Hans Imhoff was born in 1922 as the son of a master locksmith in Cologne’s Fleischmengergasse. Even as a child, he was beguiled by the scent of chocolate which emanated from the nearby Stollwerck factory. He spent almost his entire life with and for chocolate, beginning in Bullay in the Mosel Region, where, after the war, he founded a successful chocolate factory. Later, he took over the long-established Stollwerck group in Cologne and made it again into one of the leading companies in the sector. In 1993 he fulfilled a personal dream and built “his” Chocolate Museum for 53 million Deutschmarks by the Rheinau harbour. The idea for a museum came about by chance when a significant proportion of today’s exhibits almost ended up on the rubbish heap during Stollwerck’s move to Cologne-Porz in 1975. Many large crates were supposed to be thrown away, their contents presumed to be “trash” and “junk”. Dr Hans Imhoff took a closer look at the supposed junk and discovered some genuine treasures. After the move to the new site in Porz, Imhoff commissioned the late art historian and museologist Professor Vaclav Hepner to examine the old stock of artefacts.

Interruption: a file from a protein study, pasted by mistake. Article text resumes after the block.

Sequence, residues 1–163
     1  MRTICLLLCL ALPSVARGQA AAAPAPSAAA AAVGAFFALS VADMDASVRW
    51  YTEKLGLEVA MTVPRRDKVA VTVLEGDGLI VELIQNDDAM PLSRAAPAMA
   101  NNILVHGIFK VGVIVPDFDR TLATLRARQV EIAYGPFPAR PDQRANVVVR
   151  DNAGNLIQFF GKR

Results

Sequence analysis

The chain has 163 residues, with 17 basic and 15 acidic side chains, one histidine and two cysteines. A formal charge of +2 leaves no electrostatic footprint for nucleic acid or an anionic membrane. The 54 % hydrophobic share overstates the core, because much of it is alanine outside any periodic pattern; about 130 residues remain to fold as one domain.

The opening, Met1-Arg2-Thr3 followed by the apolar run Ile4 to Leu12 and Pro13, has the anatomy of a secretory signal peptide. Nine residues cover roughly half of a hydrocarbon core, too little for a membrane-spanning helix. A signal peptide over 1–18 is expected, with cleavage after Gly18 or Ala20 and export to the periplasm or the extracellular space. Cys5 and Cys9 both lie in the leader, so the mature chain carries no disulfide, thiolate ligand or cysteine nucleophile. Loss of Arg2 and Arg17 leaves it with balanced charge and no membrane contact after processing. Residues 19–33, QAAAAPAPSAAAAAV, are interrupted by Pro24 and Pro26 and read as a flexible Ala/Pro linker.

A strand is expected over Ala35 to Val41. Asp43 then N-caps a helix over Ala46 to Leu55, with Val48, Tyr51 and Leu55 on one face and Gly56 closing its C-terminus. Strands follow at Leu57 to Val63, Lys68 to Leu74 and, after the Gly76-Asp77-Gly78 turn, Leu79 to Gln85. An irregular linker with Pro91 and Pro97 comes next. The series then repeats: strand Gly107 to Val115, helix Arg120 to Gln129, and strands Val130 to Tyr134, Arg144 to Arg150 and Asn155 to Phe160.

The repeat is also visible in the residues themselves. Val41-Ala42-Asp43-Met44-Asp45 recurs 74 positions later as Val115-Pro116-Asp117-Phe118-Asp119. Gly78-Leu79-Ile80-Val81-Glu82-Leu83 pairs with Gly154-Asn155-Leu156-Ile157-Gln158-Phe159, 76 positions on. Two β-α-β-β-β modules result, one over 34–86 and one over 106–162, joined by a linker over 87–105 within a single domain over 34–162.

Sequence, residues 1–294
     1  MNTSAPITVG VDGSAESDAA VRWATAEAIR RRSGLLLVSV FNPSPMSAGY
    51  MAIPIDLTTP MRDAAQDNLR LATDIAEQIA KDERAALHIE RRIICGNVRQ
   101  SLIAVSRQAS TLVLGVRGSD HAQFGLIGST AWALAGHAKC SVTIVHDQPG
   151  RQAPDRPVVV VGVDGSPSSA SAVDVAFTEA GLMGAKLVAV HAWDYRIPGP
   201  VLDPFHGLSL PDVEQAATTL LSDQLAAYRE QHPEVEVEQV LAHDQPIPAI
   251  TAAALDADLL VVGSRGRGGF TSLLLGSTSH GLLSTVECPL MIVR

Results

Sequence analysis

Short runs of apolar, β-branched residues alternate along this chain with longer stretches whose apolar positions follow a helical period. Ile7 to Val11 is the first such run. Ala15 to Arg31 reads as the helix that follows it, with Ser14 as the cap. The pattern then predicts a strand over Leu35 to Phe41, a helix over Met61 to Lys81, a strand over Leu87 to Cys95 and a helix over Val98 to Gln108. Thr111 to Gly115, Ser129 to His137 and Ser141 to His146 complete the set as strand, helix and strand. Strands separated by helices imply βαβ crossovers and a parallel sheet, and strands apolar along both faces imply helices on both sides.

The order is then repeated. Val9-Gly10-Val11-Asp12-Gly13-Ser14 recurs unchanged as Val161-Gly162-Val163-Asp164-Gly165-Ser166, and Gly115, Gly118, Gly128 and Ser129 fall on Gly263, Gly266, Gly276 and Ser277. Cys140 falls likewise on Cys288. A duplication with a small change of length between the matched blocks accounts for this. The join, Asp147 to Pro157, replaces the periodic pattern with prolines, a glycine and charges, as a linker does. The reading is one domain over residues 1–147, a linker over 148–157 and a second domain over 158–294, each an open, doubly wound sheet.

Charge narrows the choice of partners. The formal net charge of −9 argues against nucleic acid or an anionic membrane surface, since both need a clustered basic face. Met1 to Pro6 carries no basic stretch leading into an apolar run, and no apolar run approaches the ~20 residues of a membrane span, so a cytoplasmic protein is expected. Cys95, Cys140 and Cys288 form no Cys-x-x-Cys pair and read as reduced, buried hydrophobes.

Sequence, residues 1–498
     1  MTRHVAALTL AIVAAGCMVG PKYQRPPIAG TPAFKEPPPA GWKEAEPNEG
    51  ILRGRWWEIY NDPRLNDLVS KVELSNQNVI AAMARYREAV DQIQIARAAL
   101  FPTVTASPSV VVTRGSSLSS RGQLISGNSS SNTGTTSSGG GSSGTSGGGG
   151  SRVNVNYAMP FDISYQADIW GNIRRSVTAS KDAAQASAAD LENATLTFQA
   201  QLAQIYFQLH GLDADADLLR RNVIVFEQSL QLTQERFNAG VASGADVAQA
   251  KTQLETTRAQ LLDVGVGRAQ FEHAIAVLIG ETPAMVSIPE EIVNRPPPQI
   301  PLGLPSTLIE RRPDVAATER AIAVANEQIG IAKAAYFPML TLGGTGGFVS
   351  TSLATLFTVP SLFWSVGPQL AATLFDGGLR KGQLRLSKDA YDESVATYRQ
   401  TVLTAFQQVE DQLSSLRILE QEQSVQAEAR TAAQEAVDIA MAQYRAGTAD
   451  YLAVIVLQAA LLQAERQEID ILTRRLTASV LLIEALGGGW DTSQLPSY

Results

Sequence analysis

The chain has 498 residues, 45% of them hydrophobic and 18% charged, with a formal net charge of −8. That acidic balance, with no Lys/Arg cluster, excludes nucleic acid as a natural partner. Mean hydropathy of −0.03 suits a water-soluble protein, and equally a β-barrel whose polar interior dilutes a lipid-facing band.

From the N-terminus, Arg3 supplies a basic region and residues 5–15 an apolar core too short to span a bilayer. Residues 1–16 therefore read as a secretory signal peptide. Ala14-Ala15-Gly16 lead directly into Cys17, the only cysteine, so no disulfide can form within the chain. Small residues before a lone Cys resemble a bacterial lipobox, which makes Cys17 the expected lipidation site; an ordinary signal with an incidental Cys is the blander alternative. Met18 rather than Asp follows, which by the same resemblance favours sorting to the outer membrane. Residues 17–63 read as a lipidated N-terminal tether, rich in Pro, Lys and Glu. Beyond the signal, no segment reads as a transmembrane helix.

At first, the primary emphasis of the collection lay on exhibits documenting the history of the Stollwerck concern. Subsequently, the concept was extended considerably in scope and the museum began to collect – and continues to collect – artefacts concerning the cultural and industrial history of chocolate. Dr Hans Imhoff passed away on 21 December 2007.